2011 Car Comparison: Ford Taurus vs Buick LaCrosse vs Toyota Avalon
In this Full-Size Car comparison, we compare the 2011 Ford Taurus, 2011 Buick LaCrosse, and 2011 Toyota Avalon. They’re among the leaders in a segment that offers value, amenities and dare we say, horsepower. Prime buyers for this trio are drivers who need full-size room and comfort but don’t want an SUV or minivan. This 2011 Ford Taurus vs. 2011 Buick LaCrosse vs. 2011 Toyota Avalon picks a winner based on price, features, and performance.
The 2011 Toyota Avalon gets revisions to styling and features while the 2011 Ford Taurus and 2011 Buick LaCrosse represent sophomore seasons for cars that were all-new for model-year 2010. Pricing for this trio covers a wide range, with the 2011 Taurus starting at $25,995, the 2011 LaCrosse at $27,745, and the refreshed 2011 Avalon at $33,205. All base prices for vehicles in this comparison include manufacturer’s delivery charge: $825 for Ford, $750 for Buick, and $760 for Toyota.
Taurus was re-engineered for model-year 2010 and the 2011 Taurus continues essentially unchanged. The 2010 Ford Taurus introduced new interior and exterior styling, two new V-6 engines, and improved fit and finish with upgraded interior appointments. The 2011 Taurus continues to offer buyers a plethora of hi-tech safety, comfort, and entertainment features. Base SE, midline SEL, and luxury Limited versions use a 263-horsepower 3.5-liter V-6. SEL and Limited offer all-wheel drive (AWD) in addition to the standard front-wheel drive. The top-of-the-line Taurus SHO packs Ford’s 365-horsepower twin-turbo EcoBoost 3.5-liter V-6 and comes standard with AWD. Taurus shares its platform with the Lincoln MKS premium sedan and both are manufactured in Chicago.
The 2011 Buick LaCrosse carries over from its model-year 2010 redesign with an engine shuffle. In a fuel-saving move, a 182-horsepower 2.4-liter four-cylinder replaces a 255-horsepower 3.0-liter V-6 as the engine in the base LaCrosse CX and in the midline CXL models. Those models have front-wheel drive. A 280-horsepower 3.6-liter V-6 is standard on CXLs equipped with all-wheel drive and on the top-of-the-line Lacrosse CXS model. The 2.4-liter models have electric power steering. And a tire-repair kit is available in place of the standard compact spare tire and jack. LaCrosse is built on a version of same engineering that underpins the midsize Chevrolet Malibu. This Buick is manufactured in Kansas City, Kan.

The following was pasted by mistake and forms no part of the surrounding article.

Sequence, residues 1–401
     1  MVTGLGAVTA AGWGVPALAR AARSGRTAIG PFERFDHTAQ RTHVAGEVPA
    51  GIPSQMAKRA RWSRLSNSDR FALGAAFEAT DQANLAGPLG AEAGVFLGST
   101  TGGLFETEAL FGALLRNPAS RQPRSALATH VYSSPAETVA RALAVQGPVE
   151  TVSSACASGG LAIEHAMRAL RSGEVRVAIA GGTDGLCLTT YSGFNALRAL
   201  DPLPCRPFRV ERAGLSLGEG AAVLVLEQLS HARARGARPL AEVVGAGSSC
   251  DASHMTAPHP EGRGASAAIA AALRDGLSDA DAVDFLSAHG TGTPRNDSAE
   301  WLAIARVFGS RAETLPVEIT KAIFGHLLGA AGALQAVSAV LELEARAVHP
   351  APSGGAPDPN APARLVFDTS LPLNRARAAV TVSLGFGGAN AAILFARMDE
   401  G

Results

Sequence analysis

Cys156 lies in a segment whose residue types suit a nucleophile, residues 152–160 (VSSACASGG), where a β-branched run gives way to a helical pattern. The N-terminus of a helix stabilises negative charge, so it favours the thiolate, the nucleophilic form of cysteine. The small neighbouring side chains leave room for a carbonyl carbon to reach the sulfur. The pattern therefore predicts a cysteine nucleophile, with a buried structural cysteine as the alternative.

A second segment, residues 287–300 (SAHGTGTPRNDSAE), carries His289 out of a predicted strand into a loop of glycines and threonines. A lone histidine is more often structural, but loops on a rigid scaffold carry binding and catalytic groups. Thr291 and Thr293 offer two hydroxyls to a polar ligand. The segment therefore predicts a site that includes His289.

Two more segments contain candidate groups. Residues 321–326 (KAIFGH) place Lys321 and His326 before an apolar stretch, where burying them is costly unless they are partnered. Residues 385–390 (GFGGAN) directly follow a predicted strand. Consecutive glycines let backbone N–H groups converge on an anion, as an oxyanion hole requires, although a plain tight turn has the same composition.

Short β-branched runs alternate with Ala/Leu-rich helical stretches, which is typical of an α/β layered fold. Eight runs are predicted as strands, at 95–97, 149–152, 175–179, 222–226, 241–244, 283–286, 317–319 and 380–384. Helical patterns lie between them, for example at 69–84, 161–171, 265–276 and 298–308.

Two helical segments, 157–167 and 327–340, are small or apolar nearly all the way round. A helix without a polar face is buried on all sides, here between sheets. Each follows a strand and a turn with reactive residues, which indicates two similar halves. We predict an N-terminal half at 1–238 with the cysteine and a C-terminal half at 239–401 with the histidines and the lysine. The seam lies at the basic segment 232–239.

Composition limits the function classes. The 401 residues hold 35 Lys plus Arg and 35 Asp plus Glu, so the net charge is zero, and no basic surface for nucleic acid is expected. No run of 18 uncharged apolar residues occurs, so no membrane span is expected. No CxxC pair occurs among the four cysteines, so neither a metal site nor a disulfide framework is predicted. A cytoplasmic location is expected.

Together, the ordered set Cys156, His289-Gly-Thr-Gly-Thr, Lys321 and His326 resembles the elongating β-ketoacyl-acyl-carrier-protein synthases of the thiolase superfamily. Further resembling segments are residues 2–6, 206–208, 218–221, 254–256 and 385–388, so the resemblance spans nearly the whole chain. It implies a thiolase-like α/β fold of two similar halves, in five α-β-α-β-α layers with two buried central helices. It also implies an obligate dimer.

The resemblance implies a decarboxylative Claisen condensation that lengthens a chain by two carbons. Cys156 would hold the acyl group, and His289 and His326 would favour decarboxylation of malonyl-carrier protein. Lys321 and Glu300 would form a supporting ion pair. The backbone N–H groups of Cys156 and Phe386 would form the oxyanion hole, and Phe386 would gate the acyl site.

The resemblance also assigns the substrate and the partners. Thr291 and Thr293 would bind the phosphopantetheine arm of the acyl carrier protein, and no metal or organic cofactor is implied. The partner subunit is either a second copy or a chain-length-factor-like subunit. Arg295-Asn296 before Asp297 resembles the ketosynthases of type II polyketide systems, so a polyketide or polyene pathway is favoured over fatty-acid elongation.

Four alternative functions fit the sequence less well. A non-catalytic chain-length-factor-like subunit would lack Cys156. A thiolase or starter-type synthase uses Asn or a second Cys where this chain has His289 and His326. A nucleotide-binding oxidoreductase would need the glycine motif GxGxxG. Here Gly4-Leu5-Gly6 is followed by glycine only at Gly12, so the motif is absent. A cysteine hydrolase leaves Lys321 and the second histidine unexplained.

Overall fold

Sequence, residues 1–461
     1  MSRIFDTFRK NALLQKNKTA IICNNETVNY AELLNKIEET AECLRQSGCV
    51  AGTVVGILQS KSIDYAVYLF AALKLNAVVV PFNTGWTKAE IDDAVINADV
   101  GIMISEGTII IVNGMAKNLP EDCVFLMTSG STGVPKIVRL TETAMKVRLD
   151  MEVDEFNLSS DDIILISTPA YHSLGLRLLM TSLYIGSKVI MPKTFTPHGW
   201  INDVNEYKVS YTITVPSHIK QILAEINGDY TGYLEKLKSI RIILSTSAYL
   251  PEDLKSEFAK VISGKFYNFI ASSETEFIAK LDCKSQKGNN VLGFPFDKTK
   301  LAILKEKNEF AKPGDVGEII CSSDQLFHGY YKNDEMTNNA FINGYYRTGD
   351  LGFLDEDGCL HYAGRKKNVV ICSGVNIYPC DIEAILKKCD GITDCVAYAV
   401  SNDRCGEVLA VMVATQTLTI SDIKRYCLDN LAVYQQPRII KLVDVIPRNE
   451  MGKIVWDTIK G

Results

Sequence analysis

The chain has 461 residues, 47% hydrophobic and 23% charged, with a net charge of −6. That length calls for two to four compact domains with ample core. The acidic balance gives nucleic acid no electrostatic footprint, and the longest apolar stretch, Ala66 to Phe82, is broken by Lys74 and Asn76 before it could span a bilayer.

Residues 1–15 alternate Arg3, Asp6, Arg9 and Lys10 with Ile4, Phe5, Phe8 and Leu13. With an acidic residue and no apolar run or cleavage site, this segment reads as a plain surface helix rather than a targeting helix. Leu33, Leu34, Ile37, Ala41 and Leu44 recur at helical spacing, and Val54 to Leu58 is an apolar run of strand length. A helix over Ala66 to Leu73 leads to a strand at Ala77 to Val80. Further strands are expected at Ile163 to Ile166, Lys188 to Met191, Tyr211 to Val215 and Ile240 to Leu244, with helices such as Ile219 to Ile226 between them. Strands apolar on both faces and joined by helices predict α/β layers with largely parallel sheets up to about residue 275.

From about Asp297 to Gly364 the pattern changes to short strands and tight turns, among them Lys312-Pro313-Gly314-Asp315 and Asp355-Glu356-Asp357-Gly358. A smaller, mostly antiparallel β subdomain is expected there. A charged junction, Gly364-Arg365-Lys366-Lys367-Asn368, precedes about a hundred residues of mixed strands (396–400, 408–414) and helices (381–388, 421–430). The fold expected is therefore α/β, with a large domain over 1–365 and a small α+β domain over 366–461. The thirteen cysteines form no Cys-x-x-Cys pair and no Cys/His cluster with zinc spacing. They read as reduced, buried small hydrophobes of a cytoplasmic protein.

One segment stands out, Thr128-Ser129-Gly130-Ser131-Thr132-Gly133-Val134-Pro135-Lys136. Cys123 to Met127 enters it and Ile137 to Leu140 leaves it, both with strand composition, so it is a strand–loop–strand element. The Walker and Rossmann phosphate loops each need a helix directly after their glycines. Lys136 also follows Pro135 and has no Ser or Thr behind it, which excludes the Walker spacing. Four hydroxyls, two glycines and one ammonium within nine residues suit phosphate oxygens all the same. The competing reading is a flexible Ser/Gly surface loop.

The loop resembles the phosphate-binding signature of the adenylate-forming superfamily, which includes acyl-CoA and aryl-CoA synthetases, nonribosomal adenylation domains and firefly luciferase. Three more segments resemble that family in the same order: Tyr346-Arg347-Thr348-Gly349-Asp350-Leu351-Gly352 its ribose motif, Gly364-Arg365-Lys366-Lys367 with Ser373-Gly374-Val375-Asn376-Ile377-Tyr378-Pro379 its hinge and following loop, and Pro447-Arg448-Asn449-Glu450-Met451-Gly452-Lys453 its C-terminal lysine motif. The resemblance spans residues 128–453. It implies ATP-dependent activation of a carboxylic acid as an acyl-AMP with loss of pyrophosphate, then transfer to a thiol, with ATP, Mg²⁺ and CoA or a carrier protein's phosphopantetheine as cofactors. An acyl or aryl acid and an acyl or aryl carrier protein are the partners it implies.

The 2011 Toyota Avalon is the freshest entry in this trio, and Toyota hopes the latest version will distance itself from earlier models plagued by unintended-acceleration claims and recalls.
The 2011 Avalon gets revised styling inside and out, standard leather upholstery and power moonroof. The lineup consists of two model, Base and Limited, and both use a smooth 268-horsepower 3.5-liter V-6 mated to a six-speed automatic transmission. Avalon employs an enlarged version of the front-wheel-drive platform used for the midsize Toyota Camry sedan. Avalon is manufactured in Georgetown, Ky.
- The 2011 Ford Taurus, 2011 Buick LaCrosse and 2011 Toyota Avalon are traditional four-door, five-passenger sedans. All use efficient unibody construction in contrast with the heavier body-on-frame design of old-school full-size sedans, such as the discontinued Ford Crown Victoria. Each model is solidly constructed and is larger than their brand’s midsize sedans, the Ford Fusion, Buick Regal, and Toyota Camry, respectively.
- Though the LaCrosse and Taurus offer AWD (see The Differences section below) all three of these cars are based on front-wheel drive engineering. In contrast to big cars of old, such as the Crown Victoria, front-drive places the weight of the engine over the tires that also propel the car, to the benefit of traction on slippery surfaces. And by concentrating mechanical components in the nose of the car, front-drive helps free up space in the rest the structure for passengers and cargo. s. All three also have independent front and rear suspensions for good ride control, and come standard with a nice complement of safety features, including antilock four-wheel disc brakes for more control in emergency stops and antiskid stability control to reduce chances of sideway slides.